Fifteen years ago, chickpea was a subsistence crop in the state of Andhra Pradesh in India and in Myanmar. The chickpea area was comparatively small (133,000 ha in Andhra Pradesh and 141,000 in Myanmar) and the average yields were low (714 kg/ha in Andhra Pradesh and 663 kg/ha in Myanmar). Farmers were growing old varieties and landraces, which had low productivity and were susceptible to the devastating fusarium wilt disease. Because of low yield levels, farmers were reluctant to invest in improvements by providing inputs to the crop that could ensure optimum crop growth and management of insect-pests.

Download : 430 Kb

Link : http://www.icrisat.org/PDF/IMOD-Exemplars.pdf

Date: 25/Nov/2014

 
 

HOPE for the future - Sorghum and finger millet in HOPE Project, Tanzania

Agriculture, contributing to 25% of GDP and employing more than 75 percent of the population, is the mainstay of the economy in Tanzania and has potential to be a key driver of economic growth in the country. Nationally, the poverty level is estimated at 40%, with access to modern technologies cited as a constraint, as only 50% of the demand for improved seed and fertilizers are met. ICRISAT’s HOPE project on productivity and profitability improvement for sorghum and finger millet has project sites in five semi-arid districts of Tanzania namely, Kondoa, Singida Rural, Iramba, Kishapu and Rombo, with a combined population of about 1.5 m people.

Download : 449 Kb

Link : http://www.icrisat.org/PDF/IMOD-Exemplars.pdf

Date: 25/Nov/2014

 
 

Taste of success - Agri-business Innovation Platform - India and Africa

In the globalized world, imports and exports are playing a major role in determining the economic growth of a country. Major economies of the world have been importing significant amounts of food and agricultural products from developing and under-developed countries. Although, this seems like a win-win situation, importing countries are only importing produce/products that meet the stringent safety norms set forth by their nations. Even developing and under-developed countries are placing a greater importance on the production of quality and safe food that is being either imported into their respective countries or exported from their countries.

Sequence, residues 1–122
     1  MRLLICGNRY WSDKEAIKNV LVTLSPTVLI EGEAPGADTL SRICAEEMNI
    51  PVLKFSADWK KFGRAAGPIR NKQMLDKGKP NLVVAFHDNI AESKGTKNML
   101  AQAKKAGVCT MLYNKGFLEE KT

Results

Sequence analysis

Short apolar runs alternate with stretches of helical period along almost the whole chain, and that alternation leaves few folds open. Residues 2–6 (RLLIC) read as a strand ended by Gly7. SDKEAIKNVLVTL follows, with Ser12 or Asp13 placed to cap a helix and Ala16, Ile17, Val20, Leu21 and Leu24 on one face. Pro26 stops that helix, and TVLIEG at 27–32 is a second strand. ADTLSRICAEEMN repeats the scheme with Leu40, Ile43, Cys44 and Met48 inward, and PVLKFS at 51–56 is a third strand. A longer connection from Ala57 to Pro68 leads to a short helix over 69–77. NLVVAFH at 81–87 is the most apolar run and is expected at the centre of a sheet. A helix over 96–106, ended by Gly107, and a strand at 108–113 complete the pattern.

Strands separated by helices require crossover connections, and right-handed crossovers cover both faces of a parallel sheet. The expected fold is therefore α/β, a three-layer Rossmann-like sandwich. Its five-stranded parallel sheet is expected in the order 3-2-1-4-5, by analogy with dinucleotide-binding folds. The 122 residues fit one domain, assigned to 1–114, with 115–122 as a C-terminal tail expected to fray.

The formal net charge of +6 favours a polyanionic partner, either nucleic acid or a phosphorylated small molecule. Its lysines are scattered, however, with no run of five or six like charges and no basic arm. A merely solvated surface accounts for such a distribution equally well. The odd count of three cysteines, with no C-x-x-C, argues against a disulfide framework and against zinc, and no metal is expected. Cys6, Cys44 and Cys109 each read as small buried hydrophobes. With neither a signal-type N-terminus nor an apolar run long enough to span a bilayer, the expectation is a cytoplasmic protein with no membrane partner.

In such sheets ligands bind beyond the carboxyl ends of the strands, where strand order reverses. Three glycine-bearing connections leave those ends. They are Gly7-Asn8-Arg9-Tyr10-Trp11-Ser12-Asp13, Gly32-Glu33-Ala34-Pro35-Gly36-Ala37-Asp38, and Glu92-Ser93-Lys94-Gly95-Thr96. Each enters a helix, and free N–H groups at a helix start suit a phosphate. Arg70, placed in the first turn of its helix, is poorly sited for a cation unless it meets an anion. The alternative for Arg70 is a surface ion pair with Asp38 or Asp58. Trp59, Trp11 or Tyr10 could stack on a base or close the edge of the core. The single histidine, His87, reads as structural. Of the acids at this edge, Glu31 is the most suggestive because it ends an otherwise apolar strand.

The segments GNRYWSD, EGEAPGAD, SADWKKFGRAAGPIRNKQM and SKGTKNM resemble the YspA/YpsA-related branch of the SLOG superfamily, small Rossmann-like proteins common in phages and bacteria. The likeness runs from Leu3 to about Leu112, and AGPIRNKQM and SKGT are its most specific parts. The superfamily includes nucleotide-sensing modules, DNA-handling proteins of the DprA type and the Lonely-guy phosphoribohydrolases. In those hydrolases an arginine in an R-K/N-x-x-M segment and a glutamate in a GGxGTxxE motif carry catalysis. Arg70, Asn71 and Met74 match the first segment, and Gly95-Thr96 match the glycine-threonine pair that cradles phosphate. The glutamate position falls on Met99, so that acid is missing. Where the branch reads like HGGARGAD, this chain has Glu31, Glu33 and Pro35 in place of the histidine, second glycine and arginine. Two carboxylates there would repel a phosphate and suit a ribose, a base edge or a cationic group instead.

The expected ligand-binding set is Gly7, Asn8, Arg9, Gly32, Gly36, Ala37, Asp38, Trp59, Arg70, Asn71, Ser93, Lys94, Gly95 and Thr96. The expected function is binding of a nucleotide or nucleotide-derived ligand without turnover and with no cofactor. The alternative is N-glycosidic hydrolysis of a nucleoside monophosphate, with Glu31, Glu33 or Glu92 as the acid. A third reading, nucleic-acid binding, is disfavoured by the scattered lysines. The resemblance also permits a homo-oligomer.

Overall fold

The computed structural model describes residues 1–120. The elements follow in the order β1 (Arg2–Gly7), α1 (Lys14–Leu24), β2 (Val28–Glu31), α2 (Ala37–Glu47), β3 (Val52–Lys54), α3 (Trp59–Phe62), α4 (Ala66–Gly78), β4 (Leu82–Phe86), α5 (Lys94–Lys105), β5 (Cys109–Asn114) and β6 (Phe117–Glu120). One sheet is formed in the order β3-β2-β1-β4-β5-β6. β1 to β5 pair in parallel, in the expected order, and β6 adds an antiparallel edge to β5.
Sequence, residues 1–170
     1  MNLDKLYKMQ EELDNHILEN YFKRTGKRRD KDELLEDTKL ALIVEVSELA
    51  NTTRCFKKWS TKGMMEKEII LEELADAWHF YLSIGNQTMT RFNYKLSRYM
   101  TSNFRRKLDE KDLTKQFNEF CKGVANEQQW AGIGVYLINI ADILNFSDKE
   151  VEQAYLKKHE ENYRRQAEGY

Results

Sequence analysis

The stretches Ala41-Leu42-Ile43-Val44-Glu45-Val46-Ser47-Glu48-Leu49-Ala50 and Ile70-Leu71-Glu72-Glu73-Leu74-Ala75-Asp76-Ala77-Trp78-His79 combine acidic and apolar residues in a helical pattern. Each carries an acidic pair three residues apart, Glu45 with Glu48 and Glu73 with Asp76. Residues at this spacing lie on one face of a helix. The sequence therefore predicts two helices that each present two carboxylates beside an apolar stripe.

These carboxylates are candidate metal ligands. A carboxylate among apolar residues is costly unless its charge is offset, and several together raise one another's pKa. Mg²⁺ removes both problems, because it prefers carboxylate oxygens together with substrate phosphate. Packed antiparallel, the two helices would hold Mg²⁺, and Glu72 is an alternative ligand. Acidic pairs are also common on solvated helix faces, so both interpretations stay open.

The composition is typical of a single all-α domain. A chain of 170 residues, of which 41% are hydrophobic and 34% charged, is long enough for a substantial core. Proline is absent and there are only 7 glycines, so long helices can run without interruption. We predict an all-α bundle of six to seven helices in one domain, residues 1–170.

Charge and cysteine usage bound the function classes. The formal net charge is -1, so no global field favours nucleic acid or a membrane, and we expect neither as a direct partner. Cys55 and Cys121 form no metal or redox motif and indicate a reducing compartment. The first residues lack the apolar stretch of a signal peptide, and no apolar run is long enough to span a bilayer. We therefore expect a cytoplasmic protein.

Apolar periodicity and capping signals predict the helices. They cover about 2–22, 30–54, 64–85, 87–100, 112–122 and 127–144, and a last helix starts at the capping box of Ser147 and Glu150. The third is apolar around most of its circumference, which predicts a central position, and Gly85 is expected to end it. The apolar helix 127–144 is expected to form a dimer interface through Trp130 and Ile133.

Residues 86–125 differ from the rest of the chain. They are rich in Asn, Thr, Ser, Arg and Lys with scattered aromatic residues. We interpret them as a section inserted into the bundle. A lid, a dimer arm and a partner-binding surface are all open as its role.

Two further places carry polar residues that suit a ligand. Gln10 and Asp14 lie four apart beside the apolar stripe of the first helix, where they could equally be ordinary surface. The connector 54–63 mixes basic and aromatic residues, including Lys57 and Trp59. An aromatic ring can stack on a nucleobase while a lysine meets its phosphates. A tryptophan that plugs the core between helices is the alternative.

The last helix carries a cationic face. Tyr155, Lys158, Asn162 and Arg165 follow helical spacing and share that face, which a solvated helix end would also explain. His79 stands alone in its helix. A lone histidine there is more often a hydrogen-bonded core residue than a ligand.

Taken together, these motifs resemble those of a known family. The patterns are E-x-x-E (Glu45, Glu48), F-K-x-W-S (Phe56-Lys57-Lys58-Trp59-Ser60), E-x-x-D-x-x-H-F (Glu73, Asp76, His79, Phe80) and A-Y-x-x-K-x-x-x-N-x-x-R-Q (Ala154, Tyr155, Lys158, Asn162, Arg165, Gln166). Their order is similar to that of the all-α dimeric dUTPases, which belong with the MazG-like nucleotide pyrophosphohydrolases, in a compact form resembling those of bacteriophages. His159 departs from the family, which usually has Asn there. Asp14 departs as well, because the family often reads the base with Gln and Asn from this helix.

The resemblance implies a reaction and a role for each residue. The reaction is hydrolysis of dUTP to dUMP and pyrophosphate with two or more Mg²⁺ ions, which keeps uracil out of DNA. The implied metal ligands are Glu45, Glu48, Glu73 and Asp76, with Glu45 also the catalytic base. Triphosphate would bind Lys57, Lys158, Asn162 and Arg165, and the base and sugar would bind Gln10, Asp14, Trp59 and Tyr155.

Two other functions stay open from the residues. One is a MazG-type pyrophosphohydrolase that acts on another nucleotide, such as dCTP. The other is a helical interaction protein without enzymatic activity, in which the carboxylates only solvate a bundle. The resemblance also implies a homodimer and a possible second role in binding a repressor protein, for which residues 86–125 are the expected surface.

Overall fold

Download : 289 Kb

Link : http://www.icrisat.org/PDF/IMOD-Exemplars.pdf

Date: 25/Nov/2014

 
 

Sowing the seeds of prosperity

Groundnut is a major source of income, protein and calorie intake for rural households in West and Central Africa (WCA).It is considered a woman’s crop, as women farmers play a major role in the groundnut seed value chains – they are the major groundnut seed producers, major groundnut seed processors and seed marketers. However, not enough institutional, policy and market support has been provided to women to improve seed value chain efficiencies. A SWOT analysis on the performance of the groundnut seed sector showed that women farmers were not exposed to modern varieties, had little knowledge of seed production technologies, and were facing seed marketing constraints.

Download : 340 Kb

Link : http://www.icrisat.org/PDF/IMOD-Exemplars.pdf

Date: 25/Nov/2014

 
 

EQUINUT: A high-energy weapon fighting malnutrition

This increases the chances of the bio-fortified food – Equinut – being acceptable and achieving its aim of reducing the high mortality rate in children under five years, while greater awareness of the contamination risks associated with aflatoxins (toxic and carcinogenic substances) could boost the use of toxin-resistant varieties. The improved recipe also offers women the potential to improve family livelihoods by selling Equinut.